One little head with giant eyes and a big beak
One little life popped it’s head out of the nest, mouth agape, looking for food. You can’t tell it from the picture but there are three little birds in the nest. It’s challenging to get pictures (see above: short) so most of the 7,453 pictures that I have are from inside the window with it closed. Now that the eggs have hatched, the female and male robins take turns feeding the babies about 35-40 times per day. When one parent leaves, the other shows up. The male has become an important figure in rearing the child, even will sit on the babies to keep them warm. Thanks Dad!
I’ve learned so much about birds because of this experience. The babies are only 2 days old but I’m already looking forward to seeing them grow feathers, which will happen in a few days. These babies grow quickly, in about two weeks they will leave the nest to go on and start families of their own. American Robins have a lifespan of 14 years, though most only live for 2 years.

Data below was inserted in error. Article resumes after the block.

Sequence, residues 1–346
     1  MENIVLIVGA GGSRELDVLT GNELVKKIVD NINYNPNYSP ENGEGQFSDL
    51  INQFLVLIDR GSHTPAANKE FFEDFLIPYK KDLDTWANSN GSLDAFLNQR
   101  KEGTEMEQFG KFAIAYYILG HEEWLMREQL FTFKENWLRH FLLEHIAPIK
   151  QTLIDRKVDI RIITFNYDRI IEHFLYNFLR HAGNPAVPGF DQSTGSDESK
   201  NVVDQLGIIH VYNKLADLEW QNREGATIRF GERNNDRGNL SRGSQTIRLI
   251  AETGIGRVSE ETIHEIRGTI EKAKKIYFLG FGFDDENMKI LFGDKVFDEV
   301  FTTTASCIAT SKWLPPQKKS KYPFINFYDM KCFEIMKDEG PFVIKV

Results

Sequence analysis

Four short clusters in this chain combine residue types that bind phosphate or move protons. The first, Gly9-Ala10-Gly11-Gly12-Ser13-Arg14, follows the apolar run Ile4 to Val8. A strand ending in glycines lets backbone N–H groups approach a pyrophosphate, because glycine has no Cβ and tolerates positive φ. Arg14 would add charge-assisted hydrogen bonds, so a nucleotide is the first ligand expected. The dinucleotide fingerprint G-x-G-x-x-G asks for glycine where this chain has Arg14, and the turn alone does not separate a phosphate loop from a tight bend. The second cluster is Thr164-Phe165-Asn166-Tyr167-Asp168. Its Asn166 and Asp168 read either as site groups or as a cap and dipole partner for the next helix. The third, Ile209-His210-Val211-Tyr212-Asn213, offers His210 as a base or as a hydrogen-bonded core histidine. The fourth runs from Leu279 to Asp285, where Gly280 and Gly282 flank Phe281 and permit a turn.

Birds are an incredible species, the more I learn about them the more I want to know. Ravens are first bird species found to reconcile with each other after a fight. Crows can recognize human faces and remember them years later. Pigeons (or doves, as all pigeons are doves and all doves are pigeons) can recognize it’s reflection in a mirror (the only non-mammal that has this ability), recognize all 26 letters of the English language, and conceptualize. Scientific tests show that pigeons have been found to be able to tell the difference between photos, going so far as to differentiate between two completely different humans in the photos. All of which is nothing short of amazing.
Being vegan extends beyond our dinner plates. It extends to the birds that nest around our homes, the bunnies that burrow under our porches, and all of the other millions of animals right outside your back door.
I really want to document the baby birds in photos. I mean, come on, they’re cute. In between the parents feeding the baby robins I have approximately 2.2 seconds to get a picture. Getting the shot requires opening the blind, then the window, and balancing on a stool while you try to get three fuzzy things in focus (that don’t stand up, they just flop around)- all the while watching out for the parent robins. I try to be respectful and not scare them. When I get too close the robins let me know. They’re watching me as much as I’m watching them.